While I was a seminary student, I was pastor of a small rural church. I struggled each week to prepare and deliver sermons that would provide spiritual nourishment for that little congregation. At the time, I attributed this struggle to a number of factors: lack of experience, the 75 mile commute that began early each Sunday morning, lack of time — I was a pastor, a student, and also worked another job to make ends meet. Since that time, while serving for over eighteen years, as a pastor, a missionary, and a professor, I have come to recognize that the source of this struggle is spiritual rather than circumstantial. In this article, I would like to present four guiding principles that can help us deal with this spiritual struggle that we find ourselves involved in during the process of preparing and preaching the gospel.

First, we are to proclaim the Word of God in the power of the Spirit. In 1 Corinthians 2, Paul contrasts eloquence and superior wisdom (1 Cor. 2:1) of human teaching which shows itself in wise and persuasive words (1 Cor. 2:4) with his own preaching which is a demonstration of the power of God (1 Cor. 2:5). The issue here is, "Which is more important in preaching, form or content?" There are those in Corinth who believe that the form of the message, "eloquence and persuasive words," reflect the endowment of God's wisdom on the speaker through the work of the Spirit (Davis 1984, 78-81). In Paul's preaching, however, the power of the Spirit comes through the contents of the message, "Jesus Christ and him crucified" (v. 2).  The real contrast here is between two kinds of power.

Paul refrains from any technique of communication that, on its own merit, might elicit a response from his listeners. The implication is obvious: a response drawn out by anything other than the Gospel simply proclaimed will more often than not       prove to be something less than a saving response. . . . Where the affections of people are at stake, there must be no competitors allowed. The Gospel must capture their hearts, not the genius of those who communicate it (Azurdia 1998, 198).

One Sunday just after I finished preaching, a young woman in my church in Tokyo said to me, "There was power in your message." I thanked her for her compliment. It occurred to me however, that a message's immediate impression is not nearly as important as its power to incite change in the lives of those who hear it.

When the gospel of Jesus Christ is proclaimed, it does "not come by itself," that is "simply with words." Rather, when God's Word is preached it is accompanied by work of the Holy Spirit. According to John Stott, it is through the work of the Spirit that the power of the Word "penetrates" the "mind, heart, conscience and will" of both the speaker and the listener, bringing with it "deep conviction" of the "truth and relevance of the message" (1991, 33-35). The Holy Spirit teaches people that the Word of God is true and calls for their response. Without this inner-working of God's Spirit, no amount of clarity or persuasion on the part of the speaker is adequate to call men and women to repentance and eternal life. So we must always keep in mind that the sword we bear is the Spirit's sword. As Bernard Ramm writes,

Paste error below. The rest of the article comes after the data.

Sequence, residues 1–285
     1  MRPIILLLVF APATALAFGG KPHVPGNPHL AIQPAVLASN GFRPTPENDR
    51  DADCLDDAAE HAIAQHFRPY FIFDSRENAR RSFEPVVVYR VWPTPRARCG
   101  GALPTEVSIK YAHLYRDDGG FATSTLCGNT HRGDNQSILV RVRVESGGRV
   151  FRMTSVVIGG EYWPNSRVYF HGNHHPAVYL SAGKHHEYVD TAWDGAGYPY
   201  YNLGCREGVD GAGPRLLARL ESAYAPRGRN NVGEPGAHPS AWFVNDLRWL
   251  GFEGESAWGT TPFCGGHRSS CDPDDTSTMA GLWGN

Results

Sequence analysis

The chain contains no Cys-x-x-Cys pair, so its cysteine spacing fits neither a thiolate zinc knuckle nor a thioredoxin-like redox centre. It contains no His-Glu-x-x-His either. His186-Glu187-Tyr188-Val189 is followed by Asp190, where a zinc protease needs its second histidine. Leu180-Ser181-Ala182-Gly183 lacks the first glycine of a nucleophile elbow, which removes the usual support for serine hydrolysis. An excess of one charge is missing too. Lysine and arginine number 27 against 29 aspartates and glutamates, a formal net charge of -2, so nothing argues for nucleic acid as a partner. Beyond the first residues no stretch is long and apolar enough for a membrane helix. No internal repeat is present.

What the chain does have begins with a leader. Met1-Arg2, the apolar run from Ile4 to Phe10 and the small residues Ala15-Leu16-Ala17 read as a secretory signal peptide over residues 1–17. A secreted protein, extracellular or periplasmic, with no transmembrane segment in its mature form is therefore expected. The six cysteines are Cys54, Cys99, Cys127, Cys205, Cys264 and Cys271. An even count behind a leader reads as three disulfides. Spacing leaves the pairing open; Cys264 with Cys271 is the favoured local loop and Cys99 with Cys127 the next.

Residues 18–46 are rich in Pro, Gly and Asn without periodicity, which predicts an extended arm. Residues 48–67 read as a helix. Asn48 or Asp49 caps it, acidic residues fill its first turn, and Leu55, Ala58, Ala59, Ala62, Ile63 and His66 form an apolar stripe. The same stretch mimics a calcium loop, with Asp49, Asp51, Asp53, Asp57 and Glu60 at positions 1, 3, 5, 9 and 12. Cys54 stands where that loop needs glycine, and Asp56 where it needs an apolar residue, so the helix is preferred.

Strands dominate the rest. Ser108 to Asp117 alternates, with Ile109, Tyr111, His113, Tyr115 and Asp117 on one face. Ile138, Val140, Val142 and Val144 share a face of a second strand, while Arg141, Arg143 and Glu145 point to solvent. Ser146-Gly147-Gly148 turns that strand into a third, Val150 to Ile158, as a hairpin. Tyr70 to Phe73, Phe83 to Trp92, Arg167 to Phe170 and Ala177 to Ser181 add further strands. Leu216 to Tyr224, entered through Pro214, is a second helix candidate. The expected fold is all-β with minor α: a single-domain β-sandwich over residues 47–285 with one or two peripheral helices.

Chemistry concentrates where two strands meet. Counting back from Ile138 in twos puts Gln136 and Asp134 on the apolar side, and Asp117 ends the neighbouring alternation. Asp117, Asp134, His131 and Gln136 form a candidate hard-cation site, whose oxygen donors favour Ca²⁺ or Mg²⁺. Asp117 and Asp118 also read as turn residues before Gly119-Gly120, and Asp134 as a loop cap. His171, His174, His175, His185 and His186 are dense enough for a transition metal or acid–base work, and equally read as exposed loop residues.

There are two hands on the sword: for we take the sword, and yet, since it is the Sword of the Spirit, his hand is also on the hilt. We are not to use this sword by ourselves, on our own authority, and by our own sovereignty. We are to be completely sensitive to the pressure of the Spirit's hand in ours. Unless the Spirit    wields the sword, we shall use it to no avail (1959, 58-59).

Second, we are to proclaim God's Word purely, without adulterating or defiling it. As Paul writes in 2 Corinthians 4:2, "We have renounced secret and shameful ways; we do not use deception, nor do we distort the word of God. On the contrary, by setting forth the truth plainly, we commend ourselves to every man's conscience in the sight of God." The implication here is that we must put aside behavior that is shameful because it distorts and falsifies the Word of God. This means, above all else, getting ourselves out of the way so that the good news of Jesus Christ and the Spirit of God are free to do their work. Jesus is the light of the world. We are, at best, only a reflection of that light. The light of Christ only shines clearly through those who not only preach but also live the gospel. So often the message of the gospel is clouded for our hearers by what we do as much as by what we say. They hear us speak about the power of the gospel to bring personal transformation, but then see us live totally untransformed lives. If what we say about the power of the gospel is true, that truth must be enfleshed in us.